Why is the weekly death toll at its highest since lockdown?

Flu, delays and missed diagnoses blamed for high number of deaths

Health Secretary Steve Barclay
Health Secretary Steve Barclay was labelled ‘part man, part ostrich’ for burying his head in the sand
(Image credit: Daniel Leal/AFP/Getty Images)

The number of excess deaths in England and Wales has reached its highest since the second wave of the Covid-19 pandemic two years ago.

Office for National Statistics (ONS) data revealed that there were 17,381 deaths in the week ending 13 January, a 19.5% increase on the five-year average of 14,544.

Compared to February 2021, when the number of deaths was this high, Covid-19 only accounts for around 5% of fatalities compared to 37%.

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A number of MPs have already “called for an investigation” into the excess deaths, said The Telegraph, with the government accused by Labour of being in “denial” about the figures.

What did the papers say?

There are “multiple factors” at play, said The Times, including “a flu wave, ambulance delays, NHS waiting lists and missed heart disease and cancer diagnoses during the pandemic”. Senior doctors have warned that excessive A&E waits were “killing hundreds of people”, it added. NHS statistics showed that a record “54,000 severely ill patients spent at least 12 hours on a trolley in hospital corridors” awaiting treatment, while “half of all patients” were not treated within the four-hour target.

Ealier this month the Royal College of Emergency Medicine (RCEM) warned that delays to emergency care could be causing as many as 500 deaths per week, the London Evening Standard reported. However, that figure was “disputed” by NHS bosses.

Paul Hunter, a professor of medicine at the University of East Anglia, told The Telegraph that the rise is “due to an increase in Covid deaths” and “probably down to flu as well”. He agreed that many of the excess deaths “may be because of problems in getting into hospital as an emergency”, but he couldn’t say if strike action by NHS workers was “directly responsible” for any deaths.

The number of people dying at home, instead of in hospital or in a care home, remains high, data suggests. Stuart McDonald, head of longevity and demographic insights at LCP Actuaries, told Sky News that this could be “attributed to NHS delays”, but “it can also be attributed to patient preference”.

More people during the pandemic “decided they wanted to live out their final days at home”, he added, while the increase in working from home has “allowed more people to give full-time care to seriously ill relatives”. He said that the rise in sudden deaths at home was “more concerning”, indicating that many would be down to an increase in ambulance waiting times, which have “been over an hour rather than the 18-minute target”.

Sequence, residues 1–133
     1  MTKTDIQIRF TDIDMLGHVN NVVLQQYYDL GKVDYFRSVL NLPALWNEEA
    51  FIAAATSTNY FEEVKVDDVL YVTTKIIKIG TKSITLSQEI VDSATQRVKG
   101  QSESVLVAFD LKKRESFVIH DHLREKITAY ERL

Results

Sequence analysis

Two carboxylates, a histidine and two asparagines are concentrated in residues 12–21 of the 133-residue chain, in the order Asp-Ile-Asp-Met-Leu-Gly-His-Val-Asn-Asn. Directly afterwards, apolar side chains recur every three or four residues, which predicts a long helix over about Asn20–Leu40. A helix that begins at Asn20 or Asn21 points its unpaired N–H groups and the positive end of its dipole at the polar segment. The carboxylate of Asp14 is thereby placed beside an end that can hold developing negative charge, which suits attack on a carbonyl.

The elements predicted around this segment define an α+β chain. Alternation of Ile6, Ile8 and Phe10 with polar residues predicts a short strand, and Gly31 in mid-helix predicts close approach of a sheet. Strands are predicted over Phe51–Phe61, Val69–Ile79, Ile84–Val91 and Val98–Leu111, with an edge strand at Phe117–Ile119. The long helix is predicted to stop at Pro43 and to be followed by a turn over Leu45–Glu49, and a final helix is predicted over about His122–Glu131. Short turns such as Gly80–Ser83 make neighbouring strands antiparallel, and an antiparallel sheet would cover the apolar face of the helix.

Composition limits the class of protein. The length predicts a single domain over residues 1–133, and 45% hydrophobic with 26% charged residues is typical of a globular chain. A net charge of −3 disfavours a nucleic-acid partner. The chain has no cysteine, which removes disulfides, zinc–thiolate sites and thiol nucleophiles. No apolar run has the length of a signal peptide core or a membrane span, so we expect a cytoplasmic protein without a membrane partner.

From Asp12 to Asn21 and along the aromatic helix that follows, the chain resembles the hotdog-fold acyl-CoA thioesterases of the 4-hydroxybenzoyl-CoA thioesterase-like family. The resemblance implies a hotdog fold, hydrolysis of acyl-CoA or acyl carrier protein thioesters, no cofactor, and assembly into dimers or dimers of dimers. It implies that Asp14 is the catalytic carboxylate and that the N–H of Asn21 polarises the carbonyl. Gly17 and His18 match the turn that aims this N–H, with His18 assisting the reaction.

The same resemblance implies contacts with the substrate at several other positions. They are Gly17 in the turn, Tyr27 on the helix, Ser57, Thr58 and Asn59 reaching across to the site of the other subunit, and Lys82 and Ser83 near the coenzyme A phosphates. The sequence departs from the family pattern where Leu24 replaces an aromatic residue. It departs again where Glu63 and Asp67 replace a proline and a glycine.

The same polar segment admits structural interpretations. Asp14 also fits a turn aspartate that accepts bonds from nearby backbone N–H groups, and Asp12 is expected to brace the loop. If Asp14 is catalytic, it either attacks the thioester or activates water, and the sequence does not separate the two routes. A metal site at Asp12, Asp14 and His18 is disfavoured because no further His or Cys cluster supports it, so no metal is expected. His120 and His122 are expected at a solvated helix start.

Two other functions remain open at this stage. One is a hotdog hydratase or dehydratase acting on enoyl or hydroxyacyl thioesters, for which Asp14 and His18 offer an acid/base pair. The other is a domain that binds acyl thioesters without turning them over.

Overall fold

What next?

Shadow health minister Andrew Gwynne has accused Health Secretary Steve Barclay of using “denial and buck-passing” to avoid taking responsibility, The Mirror reported. Speaking in the Commons, he called Barclay “part man, part ostrich” for “burying his head in the sand on addressing a surge in excess deaths”.

In response, Conservative MP Maria Caulfield said there were “clinical reasons for excess deaths, not political ones” and that the UK was “mid-table in Europe for mortality figures”.

The government has not directly outlined a response to the latest excess deaths, but Rishi Sunak has said there are plans to ease the crisis by “increasing bed capacity”, increasing the number of people “cared for at home” and “providing new funding to discharge people into social care”.

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Richard Windsor is a freelance writer for The Week Digital. He began his journalism career writing about politics and sport while studying at the University of Southampton. He then worked across various football publications before specialising in cycling for almost nine years, covering major races including the Tour de France and interviewing some of the sport’s top riders. He led Cycling Weekly’s digital platforms as editor for seven of those years, helping to transform the publication into the UK’s largest cycling website. He now works as a freelance writer, editor and consultant.